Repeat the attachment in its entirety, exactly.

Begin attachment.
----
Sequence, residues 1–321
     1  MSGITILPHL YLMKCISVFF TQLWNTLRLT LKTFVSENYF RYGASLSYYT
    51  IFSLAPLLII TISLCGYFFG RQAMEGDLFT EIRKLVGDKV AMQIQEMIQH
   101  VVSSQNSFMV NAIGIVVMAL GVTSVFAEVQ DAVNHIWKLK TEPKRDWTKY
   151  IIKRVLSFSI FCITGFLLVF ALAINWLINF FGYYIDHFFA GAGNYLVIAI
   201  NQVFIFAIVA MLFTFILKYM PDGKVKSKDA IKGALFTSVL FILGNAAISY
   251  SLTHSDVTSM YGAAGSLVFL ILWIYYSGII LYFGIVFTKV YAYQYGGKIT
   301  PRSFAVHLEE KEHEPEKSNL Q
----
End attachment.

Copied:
Sequence, residues 1–321
     1  MSGITILPHL YLMKCISVFF TQLWNTLRLT LKTFVSENYF RYGASLSYYT
    51  IFSLAPLLII TISLCGYFFG RQAMEGDLFT EIRKLVGDKV AMQIQEMIQH
   101  VVSSQNSFMV NAIGIVVMAL GVTSVFAEVQ DAVNHIWKLK TEPKRDWTKY
   151  IIKRVLSFSI FCITGFLLVF ALAINWLINF FGYYIDHFFA GAGNYLVIAI
   201  NQVFIFAIVA MLFTFILKYM PDGKVKSKDA IKGALFTSVL FILGNAAISY
   251  SLTHSDVTSM YGAAGSLVFL ILWIYYSGII LYFGIVFTKV YAYQYGGKIT
   301  PRSFAVHLEE KEHEPEKSNL Q